"Powdered infant formulas are not sterile products and may contain low levels of Salmonella.  Routine microbiologic controls are insufficient to detect a low-grade contamination, which may cause serious illness and outbreaks among infants."

One would suppose that some people might question their whole-hearted faith that the risks of infant formula are for those infants who reside in developing nations.  How easy it is to blame a parent for mixing the formula wrong.  I once read that even the well-educated (college degrees) measure powdered infant formula wrong, sometimes over scooping the powder and sometimes under scooping it.  The consequences can impact an infant's health and well-being.  

I think the main tragic thought that I mull over in these early hours of the morning is the statement in the paper from Clinical Infectious Diseases
under Risk Management, "Although the World Health Organization recommends that infants should be exclusively breast-fed for the first 6 months of life to achieve optimal growth, development, and health, there is recognition that this is not always feasible..."

I believe it could be feasible.  I have this hope, this faith that we can turn this around.  Society must make a 180 degree turn and decide to create birth environments that support breastfeeding.  Birth environments that empower women who are the ones giving birth. Birth environments that respect the infant and its need for skin-to-skin contact.  Birth environments that give mothers and babies and their families privacy.  Greater access for all women to midwifery care and breastfeeding assistance.  Mothers need to feel supported and comfortable nursing in public.  And society needs to give mother and babies more time together (financial support in the early days so that our future, our children have more human contact with people who are emotionally connected to them).  May this New Year bring more thought and action into supporting mothers and babies.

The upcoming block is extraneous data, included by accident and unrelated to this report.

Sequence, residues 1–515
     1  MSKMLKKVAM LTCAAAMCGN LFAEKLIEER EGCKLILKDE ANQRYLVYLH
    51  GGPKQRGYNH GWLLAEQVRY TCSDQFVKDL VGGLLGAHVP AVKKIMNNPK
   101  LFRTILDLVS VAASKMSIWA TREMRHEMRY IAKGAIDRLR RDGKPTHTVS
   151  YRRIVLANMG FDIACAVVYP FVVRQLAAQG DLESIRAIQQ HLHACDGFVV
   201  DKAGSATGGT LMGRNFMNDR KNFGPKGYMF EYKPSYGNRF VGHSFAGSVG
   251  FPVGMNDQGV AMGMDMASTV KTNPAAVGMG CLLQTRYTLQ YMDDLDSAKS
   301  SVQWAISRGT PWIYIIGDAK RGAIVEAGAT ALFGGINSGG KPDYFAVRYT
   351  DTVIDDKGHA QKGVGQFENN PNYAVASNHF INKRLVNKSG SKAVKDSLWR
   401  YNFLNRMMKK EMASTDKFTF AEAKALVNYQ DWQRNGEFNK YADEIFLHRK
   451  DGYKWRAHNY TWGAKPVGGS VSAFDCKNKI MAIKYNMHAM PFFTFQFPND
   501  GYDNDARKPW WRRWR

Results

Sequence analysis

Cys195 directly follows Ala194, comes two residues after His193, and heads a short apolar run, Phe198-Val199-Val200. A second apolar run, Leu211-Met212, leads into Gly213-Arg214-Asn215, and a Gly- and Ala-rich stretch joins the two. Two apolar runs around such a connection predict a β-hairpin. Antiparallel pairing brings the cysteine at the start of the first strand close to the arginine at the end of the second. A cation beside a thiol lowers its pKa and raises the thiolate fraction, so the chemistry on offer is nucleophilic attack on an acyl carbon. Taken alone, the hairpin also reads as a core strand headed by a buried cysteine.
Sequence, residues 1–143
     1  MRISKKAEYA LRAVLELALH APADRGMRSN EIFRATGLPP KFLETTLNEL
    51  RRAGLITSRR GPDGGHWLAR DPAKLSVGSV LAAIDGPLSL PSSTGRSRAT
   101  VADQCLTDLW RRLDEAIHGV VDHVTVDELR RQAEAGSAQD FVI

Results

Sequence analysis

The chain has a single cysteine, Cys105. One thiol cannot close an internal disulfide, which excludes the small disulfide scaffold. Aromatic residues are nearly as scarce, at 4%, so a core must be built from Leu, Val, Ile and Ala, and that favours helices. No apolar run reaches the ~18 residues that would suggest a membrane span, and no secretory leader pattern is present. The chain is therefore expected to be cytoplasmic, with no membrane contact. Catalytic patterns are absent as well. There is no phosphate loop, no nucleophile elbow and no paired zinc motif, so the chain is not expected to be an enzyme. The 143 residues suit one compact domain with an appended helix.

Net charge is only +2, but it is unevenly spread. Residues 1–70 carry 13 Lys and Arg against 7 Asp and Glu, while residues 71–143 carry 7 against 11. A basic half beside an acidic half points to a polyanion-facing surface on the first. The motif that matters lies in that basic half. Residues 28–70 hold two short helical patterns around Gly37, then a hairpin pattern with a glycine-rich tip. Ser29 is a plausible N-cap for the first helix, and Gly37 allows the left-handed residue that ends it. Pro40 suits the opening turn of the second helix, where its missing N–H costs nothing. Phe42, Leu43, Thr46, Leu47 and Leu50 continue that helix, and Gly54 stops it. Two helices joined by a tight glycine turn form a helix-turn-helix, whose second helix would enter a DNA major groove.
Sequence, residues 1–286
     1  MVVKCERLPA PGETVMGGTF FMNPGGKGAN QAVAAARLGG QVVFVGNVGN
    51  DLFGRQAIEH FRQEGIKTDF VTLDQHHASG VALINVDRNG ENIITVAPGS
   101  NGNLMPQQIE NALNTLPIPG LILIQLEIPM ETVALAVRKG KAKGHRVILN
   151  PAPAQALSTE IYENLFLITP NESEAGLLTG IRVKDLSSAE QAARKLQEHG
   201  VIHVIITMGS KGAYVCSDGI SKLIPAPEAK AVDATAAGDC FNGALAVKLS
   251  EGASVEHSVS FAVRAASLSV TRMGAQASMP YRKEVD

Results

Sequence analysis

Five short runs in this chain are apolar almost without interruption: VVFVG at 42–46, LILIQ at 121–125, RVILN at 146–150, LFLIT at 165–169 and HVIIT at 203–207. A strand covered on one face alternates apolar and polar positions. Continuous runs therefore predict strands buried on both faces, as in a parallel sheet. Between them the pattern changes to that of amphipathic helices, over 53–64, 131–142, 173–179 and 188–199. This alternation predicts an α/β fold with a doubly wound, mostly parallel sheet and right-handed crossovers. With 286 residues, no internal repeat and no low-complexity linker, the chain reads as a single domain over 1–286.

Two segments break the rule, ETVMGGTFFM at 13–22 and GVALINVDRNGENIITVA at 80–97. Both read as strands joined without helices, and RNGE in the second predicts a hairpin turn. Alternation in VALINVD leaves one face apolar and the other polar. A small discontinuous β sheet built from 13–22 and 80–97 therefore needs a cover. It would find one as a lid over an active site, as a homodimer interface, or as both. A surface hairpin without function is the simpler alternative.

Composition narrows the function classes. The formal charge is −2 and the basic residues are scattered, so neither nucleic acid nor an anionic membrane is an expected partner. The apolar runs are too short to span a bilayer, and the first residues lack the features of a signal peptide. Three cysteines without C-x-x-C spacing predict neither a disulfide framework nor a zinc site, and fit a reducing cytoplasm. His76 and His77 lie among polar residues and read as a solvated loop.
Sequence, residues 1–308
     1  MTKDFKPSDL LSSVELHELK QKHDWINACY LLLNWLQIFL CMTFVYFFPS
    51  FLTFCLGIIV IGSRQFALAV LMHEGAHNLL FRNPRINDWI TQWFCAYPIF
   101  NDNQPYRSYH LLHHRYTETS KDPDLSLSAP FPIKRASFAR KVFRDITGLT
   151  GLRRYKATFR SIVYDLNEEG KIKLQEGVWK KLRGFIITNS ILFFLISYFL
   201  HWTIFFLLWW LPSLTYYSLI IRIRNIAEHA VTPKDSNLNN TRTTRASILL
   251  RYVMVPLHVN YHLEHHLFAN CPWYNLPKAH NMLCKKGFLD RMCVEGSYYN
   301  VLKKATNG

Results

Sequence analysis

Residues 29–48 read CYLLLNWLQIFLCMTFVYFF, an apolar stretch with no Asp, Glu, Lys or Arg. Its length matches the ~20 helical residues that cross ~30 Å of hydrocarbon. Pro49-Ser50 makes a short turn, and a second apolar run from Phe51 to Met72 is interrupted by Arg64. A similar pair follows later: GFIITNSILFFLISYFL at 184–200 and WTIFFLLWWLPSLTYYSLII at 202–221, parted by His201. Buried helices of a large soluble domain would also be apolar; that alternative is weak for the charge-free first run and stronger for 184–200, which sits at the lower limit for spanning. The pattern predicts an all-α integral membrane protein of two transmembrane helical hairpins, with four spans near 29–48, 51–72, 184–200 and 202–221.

Copyright 2012 Valerie W. McClain

Wednesday, January 4, 2012

Testing, testing, testing for Cronobacter sakazakii in powdered infant milks

According to an article written by Punendu C. Vasavada, Ph.D., written in August of 2005, "A mere two years ago, the food industry did not have a method to test for E. sakazakii..." [what we now have renamed Cronobacter sakazakii courtesy of researchers employed by the University of Zurich, Switzerland, Nestle Research Center, and University College of Dublin, Ireland]
Dr. Vasavada writes about the difficulty of determining how E. sakazakii gets into infant formula.  He mentions how it has been isolated in very low concentrations, "and even at these low levels, exposed at-risk infants have suffered serious injury and death."  In this article, he describes 3 methods of isolating and enumerating E. sakzakii from powdered infant formula:  the European Method, Canadian Method and the FDA Method.  These methods are all slightly different.  Then he discusses newer methods using PCR (polymerase chain reaction) for rapid screening of infant formula samples.  He states, "In collaboration with Nestle Research Centers in Switzerland and the U.S., Dupont Qualicon developed and introduced in 2003 a PCR-based assay for rapid detection of E. sakazakii in infant formula, dry dairy and soy ingredients samples."